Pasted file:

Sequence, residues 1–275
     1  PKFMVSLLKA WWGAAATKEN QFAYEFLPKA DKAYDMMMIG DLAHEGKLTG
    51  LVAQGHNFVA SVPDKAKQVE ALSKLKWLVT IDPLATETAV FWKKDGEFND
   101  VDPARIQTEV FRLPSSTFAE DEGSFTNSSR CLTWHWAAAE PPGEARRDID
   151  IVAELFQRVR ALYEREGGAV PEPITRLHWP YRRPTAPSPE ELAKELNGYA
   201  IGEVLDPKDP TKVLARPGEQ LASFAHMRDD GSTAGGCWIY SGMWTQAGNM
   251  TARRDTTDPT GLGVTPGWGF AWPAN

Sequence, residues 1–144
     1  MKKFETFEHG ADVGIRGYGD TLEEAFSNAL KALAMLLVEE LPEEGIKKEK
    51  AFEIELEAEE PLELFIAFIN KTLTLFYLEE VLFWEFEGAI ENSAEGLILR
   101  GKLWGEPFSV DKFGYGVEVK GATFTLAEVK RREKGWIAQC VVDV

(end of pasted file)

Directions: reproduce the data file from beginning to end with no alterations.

Sequence, residues 1–275
     1  PKFMVSLLKA WWGAAATKEN QFAYEFLPKA DKAYDMMMIG DLAHEGKLTG
    51  LVAQGHNFVA SVPDKAKQVE ALSKLKWLVT IDPLATETAV FWKKDGEFND
   101  VDPARIQTEV FRLPSSTFAE DEGSFTNSSR CLTWHWAAAE PPGEARRDID
   151  IVAELFQRVR ALYEREGGAV PEPITRLHWP YRRPTAPSPE ELAKELNGYA
   201  IGEVLDPKDP TKVLARPGEQ LASFAHMRDD GSTAGGCWIY SGMWTQAGNM
   251  TARRDTTDPT GLGVTPGWGF AWPAN

Sequence, residues 1–144
     1  MKKFETFEHG ADVGIRGYGD TLEEAFSNAL KALAMLLVEE LPEEGIKKEK
    51  AFEIELEAEE PLELFIAFIN KTLTLFYLEE VLFWEFEGAI ENSAEGLILR
   101  GKLWGEPFSV DKFGYGVEVK GATFTLAEVK RREKGWIAQC VVDV